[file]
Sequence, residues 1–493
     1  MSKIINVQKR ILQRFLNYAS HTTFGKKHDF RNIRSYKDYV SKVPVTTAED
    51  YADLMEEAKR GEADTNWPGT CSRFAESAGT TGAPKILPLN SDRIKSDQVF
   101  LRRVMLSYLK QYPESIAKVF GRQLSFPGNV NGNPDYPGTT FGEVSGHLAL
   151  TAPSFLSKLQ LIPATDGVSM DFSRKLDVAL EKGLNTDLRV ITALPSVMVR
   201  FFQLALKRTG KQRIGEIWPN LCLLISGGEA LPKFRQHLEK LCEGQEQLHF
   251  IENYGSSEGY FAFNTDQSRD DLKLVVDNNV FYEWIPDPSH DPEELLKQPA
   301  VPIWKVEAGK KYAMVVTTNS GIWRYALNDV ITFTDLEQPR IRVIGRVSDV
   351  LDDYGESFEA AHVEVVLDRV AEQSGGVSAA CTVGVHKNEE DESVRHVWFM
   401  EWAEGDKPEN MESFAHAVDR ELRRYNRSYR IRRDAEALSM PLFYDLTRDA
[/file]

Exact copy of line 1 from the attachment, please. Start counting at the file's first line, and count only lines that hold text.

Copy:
Sequence, residues 1–493